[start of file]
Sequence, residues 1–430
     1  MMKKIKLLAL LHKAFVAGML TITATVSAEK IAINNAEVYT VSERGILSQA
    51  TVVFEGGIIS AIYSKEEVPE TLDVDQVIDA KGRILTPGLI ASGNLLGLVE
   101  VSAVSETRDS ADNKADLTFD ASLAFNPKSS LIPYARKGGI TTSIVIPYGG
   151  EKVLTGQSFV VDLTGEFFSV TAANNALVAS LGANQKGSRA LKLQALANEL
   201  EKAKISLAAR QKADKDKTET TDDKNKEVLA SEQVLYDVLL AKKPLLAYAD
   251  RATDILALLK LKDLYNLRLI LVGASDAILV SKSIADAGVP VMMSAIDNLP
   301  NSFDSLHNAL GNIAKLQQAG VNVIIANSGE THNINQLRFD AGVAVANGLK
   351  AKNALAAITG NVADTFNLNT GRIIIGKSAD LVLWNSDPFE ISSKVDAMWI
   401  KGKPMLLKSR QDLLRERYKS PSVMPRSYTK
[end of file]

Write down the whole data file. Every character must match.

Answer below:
Sequence, residues 1–430
     1  MMKKIKLLAL LHKAFVAGML TITATVSAEK IAINNAEVYT VSERGILSQA
    51  TVVFEGGIIS AIYSKEEVPE TLDVDQVIDA KGRILTPGLI ASGNLLGLVE
   101  VSAVSETRDS ADNKADLTFD ASLAFNPKSS LIPYARKGGI TTSIVIPYGG
   151  EKVLTGQSFV VDLTGEFFSV TAANNALVAS LGANQKGSRA LKLQALANEL
   201  EKAKISLAAR QKADKDKTET TDDKNKEVLA SEQVLYDVLL AKKPLLAYAD
   251  RATDILALLK LKDLYNLRLI LVGASDAILV SKSIADAGVP VMMSAIDNLP
   301  NSFDSLHNAL GNIAKLQQAG VNVIIANSGE THNINQLRFD AGVAVANGLK
   351  AKNALAAITG NVADTFNLNT GRIIIGKSAD LVLWNSDPFE ISSKVDAMWI
   401  KGKPMLLKSR QDLLRERYKS PSVMPRSYTK